Differential diagnoses of PTTM include chronic thromboembolic pulmonary hypertension (CTEPH) or pulmonary arterial hypertension, which can be due to pulmonary veno-occlusive disease following chemotherapy. All these conditions have a similar presentation as pulmonary hypertension without an apparent etiology; nonetheless, CTEPH and pulmonary arterial hypertension are chronic, while PTTM usually presents as an acute/subacute disease [1, 2].

Our patient complained of cough for 1 month before presentation. Cough in PTTM is generally dry and is observed in 85% of cases. In some cases, it can precede dyspnea by months [2].

In our case, elevation in tumor marker levels and diffuse lymphadenopathy were diagnostic clues. We made a presumptive diagnosis of PTTM in gastric cancer based on pathological findings of cervical lymph node biopsy, lymphadenopathy in the thorax and upper abdomen, and pulmonary hypertension of otherwise unknown etiology. Mediastinal/hilar lymphadenopathy is common in PTTM of gastric cancer [2], and in our case, abdominal lymphadenopathy near the stomach suggested gastric cancer. Antemortem definitive pathological diagnosis of PTTM is made using transbronchial or surgical lung biopsy. However, lung biopsy is usually impossible because of the unstable cardiopulmonary status. Blood sampling using a right heart catheter can be helpful for diagnosing primary cancer and tumor emboli. However, like lung biopsy, a right heart catheter is often inapplicable because of rapid clinical deterioration. Clinically, PTTM is presumptively diagnosed based on the combination of acute/subacute pulmonary hypertension with the presence of cancer. However, because of its rarity, PTTM is not initially suspected in patients without a history of cancer. Thus, antemortem diagnosis of PTTM is challenging both pathologically and clinically [1, 2].

We detected occult early gastric cancer with microscopic observation using multiple serial step sections of the whole stomach but not using endoscopy. Cases of PTTM in early gastric cancer confirmed using autopsy have been previously reported [3,4,5,6]. Moreover, some early or micro-occult gastric cancer cases cannot be detected by endoscopy or macroscopic postmortem examination [7,8,9]. We searched the PubMed database for the terms “Pulmonary Tumor Thrombotic Microangiopathy,” “Pulmonary Tumour Thrombotic Microangiopathy,” and “PTTM” to identify cases of PTTM in early gastric cancer or micro-occult gastric cancer that were undetectable on endoscopy or macroscopic postmortem examination. Twelve cases of PTTM in early or micro-occult gastric cancer that contained descriptions of pathological invasion depth were identified (Table 1) [3,4,5,6,7,8,9]. The age distribution of the patients was 17–75 years (median age, 51 years). Three patients were under 50 years, but a familial history of cancer was not indicated in all cases, including our case. Eight cases, including our patient, were men and five cases were women. The maximum diameter of the cancer lesion was 30 mm. Macroscopic latency was suspected to be due to small mucosal cancer lesions (1.8–15 mm) or flat lesions.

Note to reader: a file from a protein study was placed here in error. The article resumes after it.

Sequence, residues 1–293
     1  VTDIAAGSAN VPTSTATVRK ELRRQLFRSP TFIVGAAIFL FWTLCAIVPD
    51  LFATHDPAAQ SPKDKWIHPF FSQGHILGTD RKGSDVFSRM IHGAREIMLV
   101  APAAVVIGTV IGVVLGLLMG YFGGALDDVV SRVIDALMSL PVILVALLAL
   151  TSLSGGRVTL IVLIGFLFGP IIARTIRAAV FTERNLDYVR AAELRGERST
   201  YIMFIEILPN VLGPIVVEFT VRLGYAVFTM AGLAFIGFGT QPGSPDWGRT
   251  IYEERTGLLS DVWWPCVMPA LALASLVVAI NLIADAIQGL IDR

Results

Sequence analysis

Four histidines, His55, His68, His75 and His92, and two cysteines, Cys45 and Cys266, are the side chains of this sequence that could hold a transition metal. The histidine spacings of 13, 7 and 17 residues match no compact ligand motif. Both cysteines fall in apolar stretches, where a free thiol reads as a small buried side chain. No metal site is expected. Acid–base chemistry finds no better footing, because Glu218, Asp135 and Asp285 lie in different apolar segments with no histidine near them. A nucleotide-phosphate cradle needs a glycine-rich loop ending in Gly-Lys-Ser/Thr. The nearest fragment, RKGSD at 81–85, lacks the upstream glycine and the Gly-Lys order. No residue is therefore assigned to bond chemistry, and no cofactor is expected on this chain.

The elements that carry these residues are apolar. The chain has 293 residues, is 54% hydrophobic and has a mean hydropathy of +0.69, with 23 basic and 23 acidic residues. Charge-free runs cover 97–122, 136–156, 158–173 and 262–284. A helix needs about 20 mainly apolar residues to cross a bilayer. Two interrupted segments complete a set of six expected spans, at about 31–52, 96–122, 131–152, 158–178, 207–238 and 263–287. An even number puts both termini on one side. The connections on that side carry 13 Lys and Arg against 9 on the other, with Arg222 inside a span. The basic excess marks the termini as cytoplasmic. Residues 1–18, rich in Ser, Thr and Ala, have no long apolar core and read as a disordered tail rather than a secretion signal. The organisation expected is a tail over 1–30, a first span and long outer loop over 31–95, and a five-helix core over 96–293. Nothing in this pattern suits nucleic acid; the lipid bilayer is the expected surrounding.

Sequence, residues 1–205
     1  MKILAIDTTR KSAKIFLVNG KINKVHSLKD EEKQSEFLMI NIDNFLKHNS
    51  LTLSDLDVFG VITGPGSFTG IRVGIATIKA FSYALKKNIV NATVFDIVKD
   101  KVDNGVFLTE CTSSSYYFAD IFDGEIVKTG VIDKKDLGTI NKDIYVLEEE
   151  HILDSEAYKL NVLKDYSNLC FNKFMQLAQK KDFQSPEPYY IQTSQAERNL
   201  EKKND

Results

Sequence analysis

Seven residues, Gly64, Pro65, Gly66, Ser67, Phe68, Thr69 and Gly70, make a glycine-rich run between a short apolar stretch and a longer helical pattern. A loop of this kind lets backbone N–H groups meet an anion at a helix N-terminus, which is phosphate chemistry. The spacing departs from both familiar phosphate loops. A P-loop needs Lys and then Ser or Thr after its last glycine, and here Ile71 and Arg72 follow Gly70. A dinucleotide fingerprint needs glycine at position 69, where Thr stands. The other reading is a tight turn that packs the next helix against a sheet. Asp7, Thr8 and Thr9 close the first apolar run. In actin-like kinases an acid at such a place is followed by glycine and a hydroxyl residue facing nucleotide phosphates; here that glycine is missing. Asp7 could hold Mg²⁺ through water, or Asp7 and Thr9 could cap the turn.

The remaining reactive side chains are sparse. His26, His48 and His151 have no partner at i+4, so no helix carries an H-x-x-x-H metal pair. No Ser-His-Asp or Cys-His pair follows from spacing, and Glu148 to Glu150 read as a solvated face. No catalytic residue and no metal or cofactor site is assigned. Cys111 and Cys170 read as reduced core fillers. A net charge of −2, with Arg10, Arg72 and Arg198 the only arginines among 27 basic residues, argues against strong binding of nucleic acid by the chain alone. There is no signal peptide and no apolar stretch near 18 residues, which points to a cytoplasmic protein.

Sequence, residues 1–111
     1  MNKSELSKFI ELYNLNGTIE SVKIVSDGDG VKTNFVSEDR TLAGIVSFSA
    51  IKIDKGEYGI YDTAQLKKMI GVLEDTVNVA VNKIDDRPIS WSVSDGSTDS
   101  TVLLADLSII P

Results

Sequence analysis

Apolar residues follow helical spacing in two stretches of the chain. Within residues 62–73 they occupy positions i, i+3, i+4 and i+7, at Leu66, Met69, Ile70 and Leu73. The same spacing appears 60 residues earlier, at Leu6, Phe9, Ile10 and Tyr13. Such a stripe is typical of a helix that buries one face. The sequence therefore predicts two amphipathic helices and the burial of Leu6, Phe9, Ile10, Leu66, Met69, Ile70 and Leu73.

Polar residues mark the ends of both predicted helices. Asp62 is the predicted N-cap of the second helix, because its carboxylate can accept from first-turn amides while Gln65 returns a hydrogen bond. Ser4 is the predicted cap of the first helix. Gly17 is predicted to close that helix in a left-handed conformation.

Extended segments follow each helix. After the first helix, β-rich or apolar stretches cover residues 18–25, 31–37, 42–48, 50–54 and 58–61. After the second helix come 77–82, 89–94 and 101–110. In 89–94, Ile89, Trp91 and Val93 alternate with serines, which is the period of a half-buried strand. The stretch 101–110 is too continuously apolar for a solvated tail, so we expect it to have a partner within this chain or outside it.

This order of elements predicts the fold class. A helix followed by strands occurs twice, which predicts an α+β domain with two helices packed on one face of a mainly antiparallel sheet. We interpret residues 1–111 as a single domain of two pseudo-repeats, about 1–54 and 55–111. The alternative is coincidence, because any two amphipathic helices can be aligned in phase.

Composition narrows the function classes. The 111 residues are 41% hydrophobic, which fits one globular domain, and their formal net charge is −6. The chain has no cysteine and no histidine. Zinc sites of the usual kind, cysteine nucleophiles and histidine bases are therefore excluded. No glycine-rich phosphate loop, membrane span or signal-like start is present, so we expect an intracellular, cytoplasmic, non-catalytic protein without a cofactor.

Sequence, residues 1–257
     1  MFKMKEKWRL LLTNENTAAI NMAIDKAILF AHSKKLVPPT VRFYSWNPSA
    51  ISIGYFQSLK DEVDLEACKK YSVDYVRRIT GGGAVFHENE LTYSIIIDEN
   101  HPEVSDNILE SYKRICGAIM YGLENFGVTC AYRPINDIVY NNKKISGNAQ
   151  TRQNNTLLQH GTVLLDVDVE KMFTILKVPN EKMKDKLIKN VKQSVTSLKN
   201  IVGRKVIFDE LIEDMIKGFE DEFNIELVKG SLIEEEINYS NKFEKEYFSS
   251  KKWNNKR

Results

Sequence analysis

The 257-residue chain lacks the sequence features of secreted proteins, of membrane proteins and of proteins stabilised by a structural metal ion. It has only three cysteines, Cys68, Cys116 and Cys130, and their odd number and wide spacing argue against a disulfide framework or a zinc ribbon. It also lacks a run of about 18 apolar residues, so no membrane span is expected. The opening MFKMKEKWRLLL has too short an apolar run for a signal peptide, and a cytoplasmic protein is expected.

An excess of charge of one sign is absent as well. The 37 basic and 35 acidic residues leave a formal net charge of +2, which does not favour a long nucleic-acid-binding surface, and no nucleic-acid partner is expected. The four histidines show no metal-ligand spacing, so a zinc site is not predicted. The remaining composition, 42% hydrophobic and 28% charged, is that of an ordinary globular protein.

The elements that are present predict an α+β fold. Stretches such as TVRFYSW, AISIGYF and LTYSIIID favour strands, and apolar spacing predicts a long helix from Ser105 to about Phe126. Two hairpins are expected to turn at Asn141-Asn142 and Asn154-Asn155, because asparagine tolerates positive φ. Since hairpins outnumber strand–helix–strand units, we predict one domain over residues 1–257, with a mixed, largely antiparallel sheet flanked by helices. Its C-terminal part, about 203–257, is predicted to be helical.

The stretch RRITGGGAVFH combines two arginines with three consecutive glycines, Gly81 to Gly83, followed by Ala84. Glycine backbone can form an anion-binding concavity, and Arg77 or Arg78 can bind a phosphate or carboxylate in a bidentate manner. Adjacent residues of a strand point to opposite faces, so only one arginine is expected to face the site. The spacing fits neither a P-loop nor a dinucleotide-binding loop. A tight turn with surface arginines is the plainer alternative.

Table 1 PTTM cases of early or micro-occult gastric cancer undetectable on endoscopy or macroscopic postmortem examination

All reported cases of PTTM in early or micro-occult gastric cancer confirmed using autopsy had poorly cohesive histology, and almost all of them involved SRCC [3,4,5,6,7,8,9]. Poorly cohesive gastric carcinoma has a high tendency for lymphovascular invasion; hence, a large number of cancer cells flow into the pulmonary circulation via the thoracic duct. This is considered one of the main reasons that gastric cancer is the dominant cause of PTTM [6]. Similarly, early gastric cancer cases with Krukenberg tumor due to SRCC have been reported, and lymphatic metastasis is considered as the main pathway for the spread [10]. These reports suggest that despite the microscopic primary cancer lesion, as noted in Krukenberg tumor cases, gastric cancer with undifferentiated histology can progress to PTTM because of its tendency to include lymphovascular invasion. Recent studies have reported that early gastric SRCC, despite classification as undifferentiated histology, has a low risk of lymph node metastasis and a comparable prognosis with differentiated cancer [11, 12]. In addition, small size (less than 20 mm) and intramucosal lesions have a lower risk of lymph node metastasis [13]. Hence, micro-occult gastric SRCC presenting with PTTM, as listed in this case review, is considered rarer. However, lymphovascular invasion is also considered an independent risk factor of lymph node metastasis in early gastric SRCC, which indicates that micro-intramucosal SRCC can cause lymphatic invasion, although infrequently [13]. In contrast, definite risk factors of PTTM or Krukenberg tumor, which are considered a distinctive manifestation of lymphatic invasion in gastric cancer, are unknown. Future molecular and genetic research is, therefore, desirable in order to understand the pathogenesis of cases with early gastric cancer progressing to PTTM or Krukenberg tumor.